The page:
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Twenty-Second Sunday – B

People criticize Jesus’ disciples for not washing their hands before eating, as we see in today’s Gospel (Mk 7:1-8, -15, 21-23). Mark tells us that washing hands was a traditional custom along with others, such as washing cups and jugs and cleaning food from the market. All of these are good hygiene. Unfortunately, these practices had taken on the seriousness of a moral responsibility.

Through the centuries, people have tried to know what God wants. For instance, the African traditional religions, similar to the Jews, offered animal sacrifices.

In today’s reading from Deuteronomy, Moses instructs the people that the commandments are given by God and no one should “add to them” (Dt 4:2; cf. Dt 12:32). Yet with time, a variety of traditions gradually were attached to the Law.

The prophets focused religion on the internal aspects. Jesus reminds His listeners of Isaiah’s words: “This people pays Me lip service but their hearts are from Me. Empty is the reverence they do Me because they teach as doctrines mere human precepts” (Mk 7:6; cf. Is 29:13).

Our understanding of God determines what we think He wants from us. Today’s reading from James affirms: “Every good gift, every perfect gift comes down from the Father of the heavenly lights” (Js 1:17). God is a father, the giver of every good gift. Paul reminds us that, everything is a gift: “What do you have that you have not received?”
(1 Cor 4:7)

According to James, God continues to act upon us: “He wishes to bring us to birth by the word of His truth so that we can become the first fruits of all His creatures” (Js 1:18). In addition to our birth as humans, God brings us to a spiritual birth by the word of truth.

Our response is to open ourselves to this word: “Humbly welcome the word that has taken root in you, with its power to save you. Act on this word. If all you do is listen to it, you are deceiving yourselves” (Js 1:21-22).

Our response to God should first of all be gratitude! St. Thomas Aquinas reflects upon meaning of “gratitude”: “When there is greater favor on the part of the giver greater thanks are due on the part of the recipient. A favor is bestowed gratis (freely)…” (2a2ae. 106, 2).

Thomas points out that the favor we receive may be greater when the one receiving has a certain innocence: “In this way the innocent ones owe greater thanksgiving because they receive a greater gift from God, absolutely speaking, a more continuous gift…”
(2a2ae. 106, 2).

At the same time, those who have sinned, probably all of us, receive a greater favor: “The penitent is more bound to give thanks than the innocent, because what he receives is more gratuitously given: since, whereas he was deserving of punishment, he has received grace” (2a2ae. 106, 2).

Traditionally, our response to God was described as “religion” not in the sense of a denomination but as a virtue related to justice.

There have been various explanations of meaning of the Latin word, religio, from which the English word “religion” is derived. Thomas Aquinas can see some truth in each of the explanations: “Whether ‘religion’ takes its name from frequent reading, or from a repeated choice of what has been lost through negligence, or from being a bond, it denotes properly a relation to God” (2a2ae. 81, 1).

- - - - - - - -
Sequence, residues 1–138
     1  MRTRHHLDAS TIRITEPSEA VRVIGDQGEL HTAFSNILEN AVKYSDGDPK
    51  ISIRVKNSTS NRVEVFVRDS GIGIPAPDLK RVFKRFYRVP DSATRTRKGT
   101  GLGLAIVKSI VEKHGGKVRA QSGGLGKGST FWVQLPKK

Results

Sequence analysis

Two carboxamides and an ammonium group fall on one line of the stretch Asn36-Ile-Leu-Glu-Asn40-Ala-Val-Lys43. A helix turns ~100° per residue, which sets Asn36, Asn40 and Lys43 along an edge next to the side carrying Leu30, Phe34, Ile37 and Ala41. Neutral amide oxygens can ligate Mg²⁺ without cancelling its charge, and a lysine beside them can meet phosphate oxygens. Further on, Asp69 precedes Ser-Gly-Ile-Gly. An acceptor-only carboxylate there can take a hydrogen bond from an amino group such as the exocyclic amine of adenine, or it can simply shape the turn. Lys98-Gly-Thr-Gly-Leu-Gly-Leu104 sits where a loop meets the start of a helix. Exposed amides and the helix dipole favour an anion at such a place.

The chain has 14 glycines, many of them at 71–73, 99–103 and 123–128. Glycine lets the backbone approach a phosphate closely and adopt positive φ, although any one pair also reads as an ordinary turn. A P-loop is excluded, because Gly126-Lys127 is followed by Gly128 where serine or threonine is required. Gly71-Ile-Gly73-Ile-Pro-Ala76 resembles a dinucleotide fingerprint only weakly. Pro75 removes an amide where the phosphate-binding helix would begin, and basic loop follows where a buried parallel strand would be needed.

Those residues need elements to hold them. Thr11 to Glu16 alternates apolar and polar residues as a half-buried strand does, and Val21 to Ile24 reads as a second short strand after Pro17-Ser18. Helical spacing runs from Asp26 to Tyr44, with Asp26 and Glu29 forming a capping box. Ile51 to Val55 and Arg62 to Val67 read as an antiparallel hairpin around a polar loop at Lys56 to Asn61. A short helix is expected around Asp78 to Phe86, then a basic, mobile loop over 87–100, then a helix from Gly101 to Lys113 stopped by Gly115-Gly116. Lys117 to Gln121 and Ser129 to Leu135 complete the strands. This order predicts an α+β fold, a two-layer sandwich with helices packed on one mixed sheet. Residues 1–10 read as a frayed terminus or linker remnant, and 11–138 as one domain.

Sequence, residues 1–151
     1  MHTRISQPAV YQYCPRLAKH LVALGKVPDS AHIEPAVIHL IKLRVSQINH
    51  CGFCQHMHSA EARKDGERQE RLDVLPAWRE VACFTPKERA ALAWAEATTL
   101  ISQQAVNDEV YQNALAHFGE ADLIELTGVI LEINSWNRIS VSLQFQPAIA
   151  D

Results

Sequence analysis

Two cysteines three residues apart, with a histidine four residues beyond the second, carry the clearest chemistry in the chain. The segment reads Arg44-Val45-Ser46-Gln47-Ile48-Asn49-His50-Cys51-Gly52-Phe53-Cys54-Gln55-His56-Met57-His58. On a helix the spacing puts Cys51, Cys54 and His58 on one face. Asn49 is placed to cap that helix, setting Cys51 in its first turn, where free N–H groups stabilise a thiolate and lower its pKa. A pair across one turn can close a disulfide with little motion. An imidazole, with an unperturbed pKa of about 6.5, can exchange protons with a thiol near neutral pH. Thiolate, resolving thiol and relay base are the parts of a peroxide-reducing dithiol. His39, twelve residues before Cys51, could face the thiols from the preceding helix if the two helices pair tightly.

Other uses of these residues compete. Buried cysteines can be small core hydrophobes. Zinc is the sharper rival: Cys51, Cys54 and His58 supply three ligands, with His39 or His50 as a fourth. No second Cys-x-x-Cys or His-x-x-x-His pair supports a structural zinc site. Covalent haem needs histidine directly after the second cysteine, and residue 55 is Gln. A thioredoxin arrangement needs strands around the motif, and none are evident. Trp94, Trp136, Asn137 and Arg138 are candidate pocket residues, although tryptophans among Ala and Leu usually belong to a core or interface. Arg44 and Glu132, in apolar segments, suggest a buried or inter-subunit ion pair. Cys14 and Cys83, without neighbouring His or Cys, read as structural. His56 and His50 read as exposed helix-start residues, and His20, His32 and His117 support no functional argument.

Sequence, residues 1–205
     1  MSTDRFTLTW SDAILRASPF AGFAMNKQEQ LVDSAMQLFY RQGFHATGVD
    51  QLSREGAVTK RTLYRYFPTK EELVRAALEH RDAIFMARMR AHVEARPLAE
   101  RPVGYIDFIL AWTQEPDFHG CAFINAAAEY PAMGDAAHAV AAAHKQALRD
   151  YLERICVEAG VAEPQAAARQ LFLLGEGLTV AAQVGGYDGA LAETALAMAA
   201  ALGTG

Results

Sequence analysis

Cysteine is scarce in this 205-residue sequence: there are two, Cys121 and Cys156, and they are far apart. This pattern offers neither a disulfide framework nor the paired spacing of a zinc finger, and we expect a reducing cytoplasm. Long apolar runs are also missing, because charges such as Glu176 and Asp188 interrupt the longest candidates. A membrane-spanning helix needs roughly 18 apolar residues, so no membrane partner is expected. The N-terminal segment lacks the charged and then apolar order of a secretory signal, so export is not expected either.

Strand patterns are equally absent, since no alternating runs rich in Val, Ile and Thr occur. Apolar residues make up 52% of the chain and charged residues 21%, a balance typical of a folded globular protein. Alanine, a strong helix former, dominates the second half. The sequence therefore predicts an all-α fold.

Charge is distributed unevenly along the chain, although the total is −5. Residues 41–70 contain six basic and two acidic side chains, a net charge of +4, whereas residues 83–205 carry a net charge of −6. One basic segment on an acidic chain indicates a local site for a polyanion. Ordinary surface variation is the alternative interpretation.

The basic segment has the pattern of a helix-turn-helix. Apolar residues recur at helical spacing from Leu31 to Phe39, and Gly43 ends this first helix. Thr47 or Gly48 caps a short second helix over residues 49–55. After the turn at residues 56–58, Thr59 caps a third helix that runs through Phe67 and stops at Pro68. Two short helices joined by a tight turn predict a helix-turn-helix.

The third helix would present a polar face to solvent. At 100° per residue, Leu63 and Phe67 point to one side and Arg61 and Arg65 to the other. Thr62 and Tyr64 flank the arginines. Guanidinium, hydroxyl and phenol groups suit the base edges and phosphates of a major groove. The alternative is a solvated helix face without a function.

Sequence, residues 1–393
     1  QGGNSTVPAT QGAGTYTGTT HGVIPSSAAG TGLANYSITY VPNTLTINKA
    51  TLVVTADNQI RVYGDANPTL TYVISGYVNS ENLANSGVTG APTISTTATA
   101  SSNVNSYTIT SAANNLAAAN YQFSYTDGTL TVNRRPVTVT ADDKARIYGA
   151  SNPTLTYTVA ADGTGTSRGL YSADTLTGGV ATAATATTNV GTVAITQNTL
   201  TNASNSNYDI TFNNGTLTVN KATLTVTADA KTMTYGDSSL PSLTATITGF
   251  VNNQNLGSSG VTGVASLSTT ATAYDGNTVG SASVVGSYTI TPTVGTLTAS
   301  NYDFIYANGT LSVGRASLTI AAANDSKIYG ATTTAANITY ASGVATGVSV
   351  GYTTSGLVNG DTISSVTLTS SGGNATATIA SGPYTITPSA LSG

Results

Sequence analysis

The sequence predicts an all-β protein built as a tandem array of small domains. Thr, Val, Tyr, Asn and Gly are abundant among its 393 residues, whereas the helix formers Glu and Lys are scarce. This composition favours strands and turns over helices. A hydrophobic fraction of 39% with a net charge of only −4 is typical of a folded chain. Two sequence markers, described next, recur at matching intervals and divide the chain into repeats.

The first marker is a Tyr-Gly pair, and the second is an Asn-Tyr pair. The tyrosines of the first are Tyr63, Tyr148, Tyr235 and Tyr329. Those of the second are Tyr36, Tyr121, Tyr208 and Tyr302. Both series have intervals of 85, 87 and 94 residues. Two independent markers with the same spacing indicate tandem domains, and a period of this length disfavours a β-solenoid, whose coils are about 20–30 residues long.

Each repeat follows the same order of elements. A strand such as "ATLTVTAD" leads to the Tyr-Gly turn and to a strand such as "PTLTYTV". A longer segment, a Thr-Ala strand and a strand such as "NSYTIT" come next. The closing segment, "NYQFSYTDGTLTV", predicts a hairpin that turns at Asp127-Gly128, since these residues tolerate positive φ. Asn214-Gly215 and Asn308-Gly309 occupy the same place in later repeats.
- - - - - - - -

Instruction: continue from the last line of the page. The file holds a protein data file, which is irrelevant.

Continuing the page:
Thomas affirms: “For it is He to whom we ought to be bound as our unfailing principle; to whom also our choice should be resolutely directed as our last end; and whom we lose when we neglect Him by sin, and should recover by believing in Him and confessing our faith” (2a2ae. 81, 1).

There are a number of ramifications to this definition. First of all, religion is a relation between ourselves and God. God is the principle, that is, our reference point in whatever we do. God should be the overarching purpose to which we direct every aspect of our lives. Our choices should be directed to union with Him, our last end.

Our relationship with God directs the elements of our lives towards Him. In addition to the worship that we give to God, all the other elements of our lives are oriented towards Him.

James asserts: “Religion pure and undefiled before God the Father is to help orphans and widows in their affliction and not to buy into the values of the world” (Js 1:27).

Virtues are directed to actions. Thomas explains that the virtue of religion entails two types of actions. The first are those actions that are “proper” are those “by which we are directed to God alone, such as, sacrifice and adoration.”

At the same time, our service to our neighbors gives honor to God, as Thomas states, “And just as out of charity we love our neighbor for God’s sake, so the services we render our neighbor redound to God, according to ‘As long as you did it to one of these least of My brothers, you did it to Me’ (Mt 25:40). Consequently, those services which we render our neighbor, in so far as we refer them to God, are described as sacrifices… and it belongs properly to religion to offer sacrifice to God…”(2a2a. 188, 2).
The First Letter of John asks, “How can someone say he loves God whom he cannot see and does not love his brother whom he can see” (1 John 4:20).

In her book, The Dialogue, St. Catherine of Siena tells us that God instructed her, “You cannot do anything for Me. What you would do for Me do for your brothers and sisters.”

Denis Vincent Wiseman, O.P.

St. Thomas Aquinas, Summa Theologiae, Vol. II trans. English Dominicans (New York: Benzinger Brothers, 1947).

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